Published on August 9th, 2010 | by Tredz Blog6
Guide to cycling to work in the rain
Does rain stop your ride? The thought of a soggy bottom is enough to put anyone off getting on their bike, but there are ways to make your ride to work more comfortable in the rain.
The first step is mental. There will almost always be a point where you'll half convince yourself that cycling in the rain is a bad idea.
Ignore this voice!
The worst part of cycling in the rain, is thinking about cycling in the rain. Get over that and you're over the worst of it.
There is some cycling equipment that will improve your comfort while cycling in wet weather hugely.
Nothing will improve your comfort like a good set of mudguards. It's the cheapest and most effective way of keeping your lower half dry and preventing an unsightly mud spray flicking onto your back.
Obvious one this. A good waterproof cycling jacket will not only keep the rain off you, but also ideally have a couple of reflective strips so cars can see you in their headlights. We'd recommend a bit of fluorescent material so cars can see you in semi-light conditions, which it will be when it's raining.
The more you spend on a waterproof jacket, the more breathable and lighter they tend to be. Bear in mind that the jacket hasn't been invented yet that can cope with the ability of the human body to sweat. The longer/harder you ride, the more likely it'll be that you'll get damp from sweat instead of rain.
Take it slow and easy (a good idea when it's raining anyway), on your ride and you'll stay drier.
We'd recommend packing a lightweight rain jacket even on days you don't expect to see rain. Even though many cyclists become addicted to the Met Office's forecasting page, it makes sense to always be prepared.
These are great for putting on top of your normal workclothes. If your cycle to work sees you stepping straight off the bike and into the office, these are the best way (in conjunction with those mudguards) of keeping your lower half dry.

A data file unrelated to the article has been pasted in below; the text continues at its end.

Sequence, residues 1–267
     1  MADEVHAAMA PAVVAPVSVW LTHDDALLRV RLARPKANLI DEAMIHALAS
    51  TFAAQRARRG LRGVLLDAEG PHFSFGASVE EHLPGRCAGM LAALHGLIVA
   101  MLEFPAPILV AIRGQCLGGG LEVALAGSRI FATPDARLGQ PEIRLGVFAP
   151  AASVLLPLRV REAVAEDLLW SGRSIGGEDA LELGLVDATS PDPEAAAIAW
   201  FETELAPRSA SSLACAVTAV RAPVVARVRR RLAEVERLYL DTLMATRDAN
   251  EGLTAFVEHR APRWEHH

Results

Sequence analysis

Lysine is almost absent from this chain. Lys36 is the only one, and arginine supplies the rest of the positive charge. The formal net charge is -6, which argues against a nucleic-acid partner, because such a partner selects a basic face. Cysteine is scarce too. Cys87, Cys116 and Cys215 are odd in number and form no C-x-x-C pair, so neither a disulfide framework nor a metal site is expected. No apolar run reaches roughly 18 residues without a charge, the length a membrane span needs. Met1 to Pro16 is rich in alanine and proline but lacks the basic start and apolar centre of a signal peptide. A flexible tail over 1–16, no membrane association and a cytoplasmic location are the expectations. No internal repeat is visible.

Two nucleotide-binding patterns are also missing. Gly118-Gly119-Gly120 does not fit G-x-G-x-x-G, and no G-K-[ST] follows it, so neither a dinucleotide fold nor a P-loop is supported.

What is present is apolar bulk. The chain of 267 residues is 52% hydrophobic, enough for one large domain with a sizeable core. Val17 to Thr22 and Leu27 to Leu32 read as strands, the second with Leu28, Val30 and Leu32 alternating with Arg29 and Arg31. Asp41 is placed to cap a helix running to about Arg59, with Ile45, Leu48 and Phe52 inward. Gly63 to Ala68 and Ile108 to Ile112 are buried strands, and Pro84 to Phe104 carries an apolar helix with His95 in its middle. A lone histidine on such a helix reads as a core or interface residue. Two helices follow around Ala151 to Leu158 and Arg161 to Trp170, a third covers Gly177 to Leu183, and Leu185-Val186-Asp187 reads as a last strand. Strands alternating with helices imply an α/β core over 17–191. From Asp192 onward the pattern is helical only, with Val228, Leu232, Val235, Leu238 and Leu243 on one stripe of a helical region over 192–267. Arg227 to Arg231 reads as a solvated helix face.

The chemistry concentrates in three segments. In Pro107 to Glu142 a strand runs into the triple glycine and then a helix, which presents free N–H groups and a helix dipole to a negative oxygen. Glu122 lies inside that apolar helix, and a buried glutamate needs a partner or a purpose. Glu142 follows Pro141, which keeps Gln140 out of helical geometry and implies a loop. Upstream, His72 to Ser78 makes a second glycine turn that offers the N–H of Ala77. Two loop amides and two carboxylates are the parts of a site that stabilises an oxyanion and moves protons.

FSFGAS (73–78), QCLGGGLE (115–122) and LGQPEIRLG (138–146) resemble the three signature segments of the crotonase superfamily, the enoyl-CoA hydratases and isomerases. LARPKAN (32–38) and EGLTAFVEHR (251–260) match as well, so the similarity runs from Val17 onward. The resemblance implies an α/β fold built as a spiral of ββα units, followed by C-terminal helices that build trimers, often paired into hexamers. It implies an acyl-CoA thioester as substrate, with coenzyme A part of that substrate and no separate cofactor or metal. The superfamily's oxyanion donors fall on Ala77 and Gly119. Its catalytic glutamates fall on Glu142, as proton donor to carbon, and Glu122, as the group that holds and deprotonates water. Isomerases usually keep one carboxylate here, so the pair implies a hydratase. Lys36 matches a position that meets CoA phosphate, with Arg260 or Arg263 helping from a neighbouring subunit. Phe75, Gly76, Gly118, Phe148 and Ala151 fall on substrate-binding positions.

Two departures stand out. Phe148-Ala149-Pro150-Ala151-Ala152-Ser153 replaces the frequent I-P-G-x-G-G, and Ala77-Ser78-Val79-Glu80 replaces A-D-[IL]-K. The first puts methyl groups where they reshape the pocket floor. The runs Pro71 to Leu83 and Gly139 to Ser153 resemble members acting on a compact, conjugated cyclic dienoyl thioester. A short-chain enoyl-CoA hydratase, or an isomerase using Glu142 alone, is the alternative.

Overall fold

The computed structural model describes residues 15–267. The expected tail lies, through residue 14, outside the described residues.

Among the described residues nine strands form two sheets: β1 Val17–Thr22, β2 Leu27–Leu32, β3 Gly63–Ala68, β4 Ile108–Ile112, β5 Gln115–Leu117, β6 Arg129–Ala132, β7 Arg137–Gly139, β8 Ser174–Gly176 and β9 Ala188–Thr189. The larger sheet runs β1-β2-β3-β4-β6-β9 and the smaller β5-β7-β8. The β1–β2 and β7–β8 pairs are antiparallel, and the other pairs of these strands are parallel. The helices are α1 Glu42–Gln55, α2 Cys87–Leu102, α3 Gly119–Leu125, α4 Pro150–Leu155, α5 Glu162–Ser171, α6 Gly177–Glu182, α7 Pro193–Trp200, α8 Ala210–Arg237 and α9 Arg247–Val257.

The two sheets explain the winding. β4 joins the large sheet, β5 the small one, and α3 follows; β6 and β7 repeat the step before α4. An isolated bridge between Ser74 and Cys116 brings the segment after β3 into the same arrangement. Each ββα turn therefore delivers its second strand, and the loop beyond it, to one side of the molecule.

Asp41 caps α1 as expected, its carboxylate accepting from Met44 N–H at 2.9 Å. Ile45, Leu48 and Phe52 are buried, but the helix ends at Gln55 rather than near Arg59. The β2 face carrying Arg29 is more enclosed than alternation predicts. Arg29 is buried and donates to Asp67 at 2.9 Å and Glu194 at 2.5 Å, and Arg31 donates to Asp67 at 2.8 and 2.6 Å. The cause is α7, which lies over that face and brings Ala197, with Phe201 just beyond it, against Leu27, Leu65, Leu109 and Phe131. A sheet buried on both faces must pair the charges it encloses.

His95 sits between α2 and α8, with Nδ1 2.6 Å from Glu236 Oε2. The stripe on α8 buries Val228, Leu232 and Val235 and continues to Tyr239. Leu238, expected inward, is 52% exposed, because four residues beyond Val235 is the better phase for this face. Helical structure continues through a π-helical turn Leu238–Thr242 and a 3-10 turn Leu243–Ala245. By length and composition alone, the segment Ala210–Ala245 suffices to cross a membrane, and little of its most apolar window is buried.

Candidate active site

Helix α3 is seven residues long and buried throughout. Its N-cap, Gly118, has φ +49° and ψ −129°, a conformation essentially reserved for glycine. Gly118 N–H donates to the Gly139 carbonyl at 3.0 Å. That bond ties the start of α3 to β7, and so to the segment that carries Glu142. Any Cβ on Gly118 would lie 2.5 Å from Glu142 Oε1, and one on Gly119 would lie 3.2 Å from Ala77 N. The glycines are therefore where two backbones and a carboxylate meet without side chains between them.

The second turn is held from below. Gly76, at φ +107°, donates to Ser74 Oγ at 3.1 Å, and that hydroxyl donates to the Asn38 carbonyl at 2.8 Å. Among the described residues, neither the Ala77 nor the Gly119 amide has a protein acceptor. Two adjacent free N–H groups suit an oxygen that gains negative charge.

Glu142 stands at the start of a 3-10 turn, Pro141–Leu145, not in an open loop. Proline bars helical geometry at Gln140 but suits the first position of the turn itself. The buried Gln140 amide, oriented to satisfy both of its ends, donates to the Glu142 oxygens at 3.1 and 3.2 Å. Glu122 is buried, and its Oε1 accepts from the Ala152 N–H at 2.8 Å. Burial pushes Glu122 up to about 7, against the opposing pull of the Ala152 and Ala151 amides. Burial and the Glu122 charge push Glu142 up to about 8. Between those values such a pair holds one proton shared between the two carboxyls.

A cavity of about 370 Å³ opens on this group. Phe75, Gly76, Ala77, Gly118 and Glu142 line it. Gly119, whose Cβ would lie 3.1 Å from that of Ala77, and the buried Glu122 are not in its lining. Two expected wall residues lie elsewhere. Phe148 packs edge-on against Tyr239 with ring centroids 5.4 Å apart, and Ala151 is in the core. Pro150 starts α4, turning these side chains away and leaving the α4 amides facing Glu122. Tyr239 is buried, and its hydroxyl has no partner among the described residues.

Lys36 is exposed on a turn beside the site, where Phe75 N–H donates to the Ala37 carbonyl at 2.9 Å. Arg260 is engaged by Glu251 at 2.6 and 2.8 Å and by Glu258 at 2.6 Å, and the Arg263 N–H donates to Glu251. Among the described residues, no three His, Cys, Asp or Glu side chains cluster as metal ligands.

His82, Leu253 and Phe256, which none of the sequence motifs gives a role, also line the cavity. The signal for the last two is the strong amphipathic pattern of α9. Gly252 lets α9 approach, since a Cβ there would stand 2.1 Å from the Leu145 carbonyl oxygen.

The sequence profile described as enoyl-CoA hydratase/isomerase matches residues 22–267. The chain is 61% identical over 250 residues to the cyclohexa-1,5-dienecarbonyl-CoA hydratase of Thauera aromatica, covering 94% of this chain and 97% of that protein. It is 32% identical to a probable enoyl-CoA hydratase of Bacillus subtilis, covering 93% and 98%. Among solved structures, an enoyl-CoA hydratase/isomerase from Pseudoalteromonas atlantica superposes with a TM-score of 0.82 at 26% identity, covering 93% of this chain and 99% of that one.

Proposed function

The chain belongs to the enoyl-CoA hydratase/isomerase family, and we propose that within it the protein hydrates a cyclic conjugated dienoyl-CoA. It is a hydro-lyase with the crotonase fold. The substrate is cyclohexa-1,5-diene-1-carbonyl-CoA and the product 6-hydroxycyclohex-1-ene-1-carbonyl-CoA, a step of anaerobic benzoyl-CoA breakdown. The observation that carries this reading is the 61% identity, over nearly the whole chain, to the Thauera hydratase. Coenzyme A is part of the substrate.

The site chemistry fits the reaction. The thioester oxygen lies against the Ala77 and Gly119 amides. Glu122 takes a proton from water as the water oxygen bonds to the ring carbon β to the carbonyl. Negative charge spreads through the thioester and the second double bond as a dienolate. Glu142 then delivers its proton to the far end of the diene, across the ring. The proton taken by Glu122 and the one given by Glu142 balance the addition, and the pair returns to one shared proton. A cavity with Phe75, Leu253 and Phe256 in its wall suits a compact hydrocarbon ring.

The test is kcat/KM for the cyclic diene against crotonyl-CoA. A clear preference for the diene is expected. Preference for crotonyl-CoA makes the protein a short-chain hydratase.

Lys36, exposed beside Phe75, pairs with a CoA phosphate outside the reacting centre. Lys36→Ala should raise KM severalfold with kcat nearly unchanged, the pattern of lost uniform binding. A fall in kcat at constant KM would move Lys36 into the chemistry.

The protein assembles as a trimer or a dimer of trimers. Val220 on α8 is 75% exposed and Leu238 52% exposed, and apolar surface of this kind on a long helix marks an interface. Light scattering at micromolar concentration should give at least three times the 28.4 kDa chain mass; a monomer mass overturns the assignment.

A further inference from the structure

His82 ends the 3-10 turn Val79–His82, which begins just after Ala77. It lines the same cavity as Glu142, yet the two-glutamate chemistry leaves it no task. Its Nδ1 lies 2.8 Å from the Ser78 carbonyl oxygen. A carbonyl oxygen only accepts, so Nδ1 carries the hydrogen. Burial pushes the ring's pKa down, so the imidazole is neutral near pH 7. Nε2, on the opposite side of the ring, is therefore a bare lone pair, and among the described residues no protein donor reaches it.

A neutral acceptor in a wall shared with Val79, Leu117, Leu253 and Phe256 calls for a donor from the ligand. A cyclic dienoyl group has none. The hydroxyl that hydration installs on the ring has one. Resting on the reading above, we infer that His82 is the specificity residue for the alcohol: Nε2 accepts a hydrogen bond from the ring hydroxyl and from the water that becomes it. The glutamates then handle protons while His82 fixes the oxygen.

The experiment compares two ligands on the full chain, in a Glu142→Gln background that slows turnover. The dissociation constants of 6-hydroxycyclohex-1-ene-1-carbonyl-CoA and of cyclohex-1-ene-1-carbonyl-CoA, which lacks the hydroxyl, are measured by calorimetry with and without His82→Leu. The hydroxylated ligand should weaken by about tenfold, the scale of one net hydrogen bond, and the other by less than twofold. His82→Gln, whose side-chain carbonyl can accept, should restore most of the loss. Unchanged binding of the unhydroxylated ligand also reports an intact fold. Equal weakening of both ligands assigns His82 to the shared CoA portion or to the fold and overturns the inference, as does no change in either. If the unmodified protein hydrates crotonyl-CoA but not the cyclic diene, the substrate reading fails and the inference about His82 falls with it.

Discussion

Similarly to the jacket, a nice feature to look for is a little reflectivity on the trousers.
If you prefer carrying your work clothes (or leaving them at work), a pair of waterproof shorts might be a better option. You'll get wet legs, but on the plus side you won't be restricted at all when you pedal, or get sweaty if you cycle hard.
Rule of thumb, the same people who make good waterproof jackets make good waterproof overtrousers and shorts. Montane, Altura and Endura all make shorts and trousers suitable for commuting in the wet.
If you use a rucsac to carry your equipment to work, don't forget it's contents are as vulnerable to the weather as you are. Laptop, work clothes and (most importantly) lunchboxes are all at risk. A good waterproof rucsac cover will keep it dry, and have the added benefit of adding some much needed visibility.
Respro make a huge range of covers.
Overshoes not only help keep your feet dry and comfortable (and warm in the winter), but they also protect your shoes. Make sure you buy the correct style, as overshoes tend to be specific to road cycling, mountain biking or for commuting.
The Altura Night Vision Cycling overshoes are designed to be slightly wider to fit normal shoes.
Cycling in the rain does require a little more caution than usual. There are a couple of extra things to think about when the steets get wet.
- The road offers less grip in the wet. Painted road signs and manhole covers (or any metal on the road), become particularly slippery. Keep your bike upright and stop pedalling, don't break or turn when crossing these sketchy surfaces.
- Talking of braking, many bicycle brakes do not work so well in the wet. Only disc brakes maintain the same level of power whatever the weather. Go a little slower, think ahead and brake sooner.
- The first time it rains after a long dry period tends to lift a lot of the oil from the road, making it even more slippery – so extra care needed.
- As mentioned above, it's likely that rain also means reduced visibility. If you're cycling on the road it's a very good idea to use lights or some sort of hi-viz clothing, even during daylight hours, to increase your visibility to other road users (especially those that weigh a ton and have four wheels).
- However protected you are from the elements, take along a change of clothes. Nothing quite as bad as sitting in damp clothes all day.
- And most importantly, always remember that the cup of tea you make yourself when you get to work is far more enjoyable when it's raining…
If you've any further tips, please share with us below!